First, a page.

Smugglers of Cygnus Blog Post 1
I've been meaning to produce a dev blog for Smugglers of Cygnus for ages now. When none of the existing platforms or solutions quite fit, it was time to write my own.
Enter DevBlogCMS, a new CMS for a new blog for a new game.
Why the heck would I create a new blog platform when I'm already in the middle of writing a new game?
That is a very good question, and I'll address that first, then move on to Smugglers.
There are several reasons. Each time I ran a poll asking about dev blog platforms, there was a near tie, except once. The one time a victor emerged, it was a platform I had previously used for game dev blogging, with all of 1 average view. There was literally no appreciable correlation between sales and the dev blog, and I'm almost positive only 2 or 3 people ever even read it. The next reason is that there are a lot of complications with themes, content, and limitations inherent in the big name platforms (for example, popular blogging platforms are constantly being hacked, while game-dev platforms like Steam would not appreciate a blog about a game launch on VoxPop), and that's fair. Another reason is that the non-game specific hosts are expensive if you don't want to spend all your time managing their buggy messes. Between $9 and $30 for a managed blog on the two more popular 3rd party forums. There are a lot of metadata issues with some of those blog platforms, for example one that I won't mention
itch, has massive issues when sharing to Twitter because of metadata problems.
Ok, so the existing solutions have issues with content, security, bugs, cost, maintenance, weight, complexity, and intrusive advertising.
The obvious solution of course was to write my own CMS. Since I wrote the CMS for the WereBooks platform which served over 200k hits a month to primarily lower-end mobiles, I had a good starting point. I forked the BookshelfCMS that had been released under the Apache 2.0 license. This served as a great starting port to produce a static blog-style site. Flat/static sites have no databases that can be hacked, no admin or managment consoles that can be hacked, and generate entirely read-only static pages. They're ideal for serving up pages extremely fast with no exposure, and the normal activities of generating pages are done on the owner's computer and uploaded. In my case, they're uploaded via the Azure CLI. A quick weekend later, I had a place where I could post anything, in any format, with no ads, for no additional cost.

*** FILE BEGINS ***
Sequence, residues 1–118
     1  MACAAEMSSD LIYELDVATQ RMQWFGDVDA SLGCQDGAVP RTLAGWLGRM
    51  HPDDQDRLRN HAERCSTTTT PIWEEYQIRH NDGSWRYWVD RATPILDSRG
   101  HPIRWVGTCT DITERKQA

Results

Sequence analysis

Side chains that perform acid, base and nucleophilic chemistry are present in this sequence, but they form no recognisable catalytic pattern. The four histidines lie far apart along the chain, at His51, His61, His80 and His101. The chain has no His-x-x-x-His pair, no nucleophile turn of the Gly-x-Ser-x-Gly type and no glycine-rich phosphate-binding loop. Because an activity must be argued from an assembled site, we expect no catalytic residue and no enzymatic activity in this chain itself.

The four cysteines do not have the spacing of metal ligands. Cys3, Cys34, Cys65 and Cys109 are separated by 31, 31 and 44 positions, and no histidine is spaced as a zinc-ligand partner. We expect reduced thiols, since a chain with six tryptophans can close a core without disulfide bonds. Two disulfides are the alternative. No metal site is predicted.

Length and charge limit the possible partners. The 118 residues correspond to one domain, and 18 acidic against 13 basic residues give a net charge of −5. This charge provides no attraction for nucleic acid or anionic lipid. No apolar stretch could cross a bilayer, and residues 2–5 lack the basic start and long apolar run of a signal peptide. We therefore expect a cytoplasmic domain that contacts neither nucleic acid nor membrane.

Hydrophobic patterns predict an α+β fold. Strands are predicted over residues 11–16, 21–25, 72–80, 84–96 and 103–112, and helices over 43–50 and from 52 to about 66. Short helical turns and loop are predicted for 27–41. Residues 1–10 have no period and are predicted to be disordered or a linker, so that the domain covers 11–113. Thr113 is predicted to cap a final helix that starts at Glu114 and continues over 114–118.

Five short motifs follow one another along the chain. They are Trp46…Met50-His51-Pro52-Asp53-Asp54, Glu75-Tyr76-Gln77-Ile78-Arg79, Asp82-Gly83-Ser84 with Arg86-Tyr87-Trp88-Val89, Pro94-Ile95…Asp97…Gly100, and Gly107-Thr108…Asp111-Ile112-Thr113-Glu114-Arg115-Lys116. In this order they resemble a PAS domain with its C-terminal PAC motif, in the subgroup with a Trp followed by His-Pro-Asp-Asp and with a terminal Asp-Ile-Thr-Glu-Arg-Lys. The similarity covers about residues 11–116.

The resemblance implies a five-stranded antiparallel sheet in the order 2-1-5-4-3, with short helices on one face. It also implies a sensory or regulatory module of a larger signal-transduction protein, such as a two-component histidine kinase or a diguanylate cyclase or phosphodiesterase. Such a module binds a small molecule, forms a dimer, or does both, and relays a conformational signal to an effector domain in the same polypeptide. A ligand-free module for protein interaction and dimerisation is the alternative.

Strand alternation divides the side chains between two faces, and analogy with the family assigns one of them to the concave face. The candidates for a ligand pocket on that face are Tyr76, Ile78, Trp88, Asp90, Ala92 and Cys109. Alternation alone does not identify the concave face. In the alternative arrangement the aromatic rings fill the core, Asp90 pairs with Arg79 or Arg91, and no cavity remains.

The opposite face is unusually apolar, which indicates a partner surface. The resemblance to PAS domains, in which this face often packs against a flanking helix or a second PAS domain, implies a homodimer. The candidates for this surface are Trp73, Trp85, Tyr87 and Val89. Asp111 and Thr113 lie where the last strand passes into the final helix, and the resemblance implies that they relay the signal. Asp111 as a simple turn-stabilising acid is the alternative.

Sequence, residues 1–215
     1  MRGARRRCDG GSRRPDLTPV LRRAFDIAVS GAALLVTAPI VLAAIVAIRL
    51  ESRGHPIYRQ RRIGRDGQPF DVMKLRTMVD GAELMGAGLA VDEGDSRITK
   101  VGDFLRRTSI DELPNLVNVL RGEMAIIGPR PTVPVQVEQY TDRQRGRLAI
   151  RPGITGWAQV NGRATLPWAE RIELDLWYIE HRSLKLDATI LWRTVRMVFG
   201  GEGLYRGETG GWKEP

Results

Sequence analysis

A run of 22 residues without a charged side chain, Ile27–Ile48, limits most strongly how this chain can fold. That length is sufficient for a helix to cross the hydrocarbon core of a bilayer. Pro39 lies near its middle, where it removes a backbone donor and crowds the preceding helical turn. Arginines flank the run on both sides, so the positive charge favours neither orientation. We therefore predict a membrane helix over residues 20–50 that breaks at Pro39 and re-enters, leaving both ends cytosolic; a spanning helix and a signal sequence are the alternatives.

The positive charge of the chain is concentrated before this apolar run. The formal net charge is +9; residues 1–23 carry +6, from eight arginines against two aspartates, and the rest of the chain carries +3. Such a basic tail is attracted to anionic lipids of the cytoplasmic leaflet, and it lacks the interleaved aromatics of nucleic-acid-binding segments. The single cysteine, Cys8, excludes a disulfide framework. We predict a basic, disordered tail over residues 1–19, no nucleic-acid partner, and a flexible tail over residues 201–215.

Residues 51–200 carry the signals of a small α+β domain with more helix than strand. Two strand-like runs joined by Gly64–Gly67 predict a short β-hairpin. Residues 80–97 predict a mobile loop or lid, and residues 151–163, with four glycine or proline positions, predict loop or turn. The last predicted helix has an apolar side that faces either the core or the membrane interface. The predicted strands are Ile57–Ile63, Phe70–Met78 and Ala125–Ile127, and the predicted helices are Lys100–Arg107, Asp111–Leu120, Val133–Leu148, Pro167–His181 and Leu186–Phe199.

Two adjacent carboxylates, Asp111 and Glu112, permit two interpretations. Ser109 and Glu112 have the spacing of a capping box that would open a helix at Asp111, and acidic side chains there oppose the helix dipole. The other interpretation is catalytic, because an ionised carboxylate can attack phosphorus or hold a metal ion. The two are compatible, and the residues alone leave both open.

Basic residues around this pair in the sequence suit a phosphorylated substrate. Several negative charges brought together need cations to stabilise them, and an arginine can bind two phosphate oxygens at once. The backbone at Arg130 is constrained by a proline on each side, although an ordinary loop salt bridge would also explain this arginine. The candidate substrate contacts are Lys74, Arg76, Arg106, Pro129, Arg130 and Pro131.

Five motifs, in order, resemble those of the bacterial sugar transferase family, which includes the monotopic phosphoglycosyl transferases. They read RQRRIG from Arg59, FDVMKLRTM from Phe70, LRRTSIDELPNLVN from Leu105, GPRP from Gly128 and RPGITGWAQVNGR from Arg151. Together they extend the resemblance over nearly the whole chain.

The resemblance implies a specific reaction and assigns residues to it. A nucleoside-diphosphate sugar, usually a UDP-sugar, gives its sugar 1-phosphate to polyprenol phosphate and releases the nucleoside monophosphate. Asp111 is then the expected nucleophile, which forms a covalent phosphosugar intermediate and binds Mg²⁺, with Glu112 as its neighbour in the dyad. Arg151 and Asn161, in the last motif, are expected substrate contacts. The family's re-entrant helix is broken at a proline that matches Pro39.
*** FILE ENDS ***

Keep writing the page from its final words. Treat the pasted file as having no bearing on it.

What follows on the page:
No money pulled from Smugglers of Cygnus game development, no ads, no conflicts of interest, and I can share anything that's relevant to the gamers. Merch stores, platform sales, even full-scale patches.
Ok, on to Smugglers of Cygnus! In these first entries, I'm going to discuss the tools, the team, and some of the design decisions we've chosen to make - and the reasoning behind some of them. First up, the team!
Our lead writer is science fiction writer Jessica Alter, who has written a number of awesome science fiction books, and our previous game, GYATM. She's a great writer, you should totally check her books out from your local library (or ask them to get a digitial copy!)
Our lead artist and cinematographer goes by Dspazio, and he is a very talented hard-surfaces science fiction artist. His work has given Smugglers that beautiful atmosphere and triple-IIndependence, Imagination, and Innovation. A play on AAA gaming for indie studios. quality.
Our lead QA and co-writer is Sten Pettersen, and his imagination, thoroughness, and attention to detail have made him an excellent writer and expert at tracking down and reproducing elusive bugs. He is also a GYATM alum.
The talent behind that fantastic futuristic soundscape on our trailers and games goes by Hexenkraft, and I used his work to give the GYATM soundtrack the oomph that it needed. He joins us now on Smugglers of Cygnus in a greatly increased capacity, where he is composing an entire Original Sound Track for the game (which of course will be available as a standalone piece), and is producing a full-sized score.
Joining this core team are some talented voice actors you have definitely heard before.
In our lead roles are David Banks, Kyle Hester, Michael Schwalbe, Aimee Smith, and HourADayGamer. These folks will be bringing the crew of your ship to life.
We're adding a number of cameo roles as "space versions" of themselves, including the COO of VoxPop Games (and former voice actor on GTA) Marc Rodriguez, streamers LuisIpa07 and Sylent Wrath, and a few other fun people who are interested in being part of this project.
See you next time!